By owning individual bonds, you control which bonds you like enough to buy. You pick and choose the bonds you desire, when to buy and sell each of them (if at all), and you are limited by the bonds that happen to be publicly traded.

You, as a bondholder, also have more of a say in how a company distributes its assets in case it goes bankrupt. Stockholders have virtually no say.

With mutual funds, you choose the general bond purchase strategy that you desire, and let the mutual fund managers decide how to execute that overall strategy, using their expertise to make bond purchases.

While the managers pick the bonds they believe are right for the fund, you have no say in the matter. You are relying on their expertise.

So, while you theoretically own bonds from many different companies, you in fact own a chunk of a fund, which in turn owns those bonds.

Advantages of bonds

When it comes to investing in mutual funds vs. bonds, here are the advantages of bonds:

  1. You choose the desired bond’s safety
  2. You choose the desired bond’s yield
  3. Trading flexibility

Here’s a video that gives basic information on investing in bonds.

You choose bond safety

The biggest advantage in purchasing individual bonds is being able to comprehensively research the company that the bond has been issued by.

Because companies must provide details about all of their financials each quarter, you can determine the company’s relative health.

But there’s more to that approach.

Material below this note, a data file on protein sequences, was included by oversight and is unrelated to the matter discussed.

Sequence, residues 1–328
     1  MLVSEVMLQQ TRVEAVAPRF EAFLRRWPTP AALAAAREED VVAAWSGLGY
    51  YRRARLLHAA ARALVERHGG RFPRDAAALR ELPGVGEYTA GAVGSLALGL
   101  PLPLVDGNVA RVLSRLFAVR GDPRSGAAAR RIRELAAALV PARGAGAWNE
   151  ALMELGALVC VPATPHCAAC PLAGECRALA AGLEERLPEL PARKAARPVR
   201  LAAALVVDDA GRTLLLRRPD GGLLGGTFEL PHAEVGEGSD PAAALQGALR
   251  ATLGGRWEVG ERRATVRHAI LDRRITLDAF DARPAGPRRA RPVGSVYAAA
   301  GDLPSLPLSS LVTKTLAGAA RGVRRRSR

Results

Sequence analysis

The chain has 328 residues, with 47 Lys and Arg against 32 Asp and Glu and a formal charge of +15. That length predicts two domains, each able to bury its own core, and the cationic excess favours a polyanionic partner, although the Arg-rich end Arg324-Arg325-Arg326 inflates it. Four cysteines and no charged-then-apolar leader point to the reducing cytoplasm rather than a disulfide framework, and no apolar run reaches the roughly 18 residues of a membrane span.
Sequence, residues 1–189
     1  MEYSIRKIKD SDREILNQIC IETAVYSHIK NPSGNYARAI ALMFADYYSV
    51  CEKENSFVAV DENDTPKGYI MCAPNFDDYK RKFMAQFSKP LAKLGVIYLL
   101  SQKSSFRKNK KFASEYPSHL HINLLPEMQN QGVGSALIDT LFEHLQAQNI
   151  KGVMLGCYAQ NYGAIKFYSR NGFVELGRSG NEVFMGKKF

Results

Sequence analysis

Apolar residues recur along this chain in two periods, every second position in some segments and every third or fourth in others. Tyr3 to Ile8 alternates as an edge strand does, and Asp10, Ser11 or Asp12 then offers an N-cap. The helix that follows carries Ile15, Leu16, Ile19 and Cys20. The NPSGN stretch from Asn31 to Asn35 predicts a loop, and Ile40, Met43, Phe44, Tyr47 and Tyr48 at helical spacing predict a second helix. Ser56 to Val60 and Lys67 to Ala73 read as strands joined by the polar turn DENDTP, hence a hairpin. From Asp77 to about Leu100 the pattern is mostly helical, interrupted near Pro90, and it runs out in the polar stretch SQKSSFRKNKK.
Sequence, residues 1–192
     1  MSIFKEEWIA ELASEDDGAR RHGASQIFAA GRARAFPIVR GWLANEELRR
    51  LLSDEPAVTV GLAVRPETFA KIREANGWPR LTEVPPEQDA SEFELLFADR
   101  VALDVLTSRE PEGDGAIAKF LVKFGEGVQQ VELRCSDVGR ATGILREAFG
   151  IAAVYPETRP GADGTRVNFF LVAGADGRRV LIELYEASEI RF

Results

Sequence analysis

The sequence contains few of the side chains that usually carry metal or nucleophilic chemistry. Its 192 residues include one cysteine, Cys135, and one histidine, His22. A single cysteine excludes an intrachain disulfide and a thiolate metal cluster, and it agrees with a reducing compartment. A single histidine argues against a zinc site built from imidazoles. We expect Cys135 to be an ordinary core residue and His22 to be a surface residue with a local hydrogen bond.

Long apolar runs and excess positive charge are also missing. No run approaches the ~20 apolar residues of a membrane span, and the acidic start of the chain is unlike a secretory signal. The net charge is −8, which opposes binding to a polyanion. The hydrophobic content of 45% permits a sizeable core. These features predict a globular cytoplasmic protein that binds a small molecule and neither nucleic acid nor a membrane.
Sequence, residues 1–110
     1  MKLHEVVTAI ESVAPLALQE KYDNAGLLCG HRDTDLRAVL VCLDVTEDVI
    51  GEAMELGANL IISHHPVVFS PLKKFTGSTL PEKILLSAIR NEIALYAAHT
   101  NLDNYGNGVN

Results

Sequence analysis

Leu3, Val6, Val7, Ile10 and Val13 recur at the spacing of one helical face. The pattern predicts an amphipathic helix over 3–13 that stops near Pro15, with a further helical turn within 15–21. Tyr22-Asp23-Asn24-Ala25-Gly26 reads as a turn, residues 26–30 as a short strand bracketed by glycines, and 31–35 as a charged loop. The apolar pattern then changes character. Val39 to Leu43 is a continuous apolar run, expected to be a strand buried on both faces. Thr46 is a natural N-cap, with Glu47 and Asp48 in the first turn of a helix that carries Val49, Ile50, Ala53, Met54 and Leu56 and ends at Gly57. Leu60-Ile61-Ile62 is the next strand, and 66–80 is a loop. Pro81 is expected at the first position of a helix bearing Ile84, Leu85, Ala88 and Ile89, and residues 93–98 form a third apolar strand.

You may be an expert in something, and if your expertise aligns with the business that a given company engages in, you may have a much better read on the safety and solvency of that company that a fund manager may not.

Whereas managers may avoid some bonds because they perceive them as being weaker than other choices, you may find the market has mispriced these bonds, and find value and a strong yield.

You choose bond yield

With a mutual fund, the managers buy up bonds and the fund will yield whatever that collection of bonds happens to pay out.

If you choose individual bonds to invest in, you can target both your desired yield and desired risk.

Again, using your own expertise or even just through diligent research, you may find bonds that are less risky that offer higher yields than a manager can.

Trading flexibility

A bond mutual fund manager will buy and sell bonds that align towards the fund’s specified strategy. You have no say in how they execute that strategy.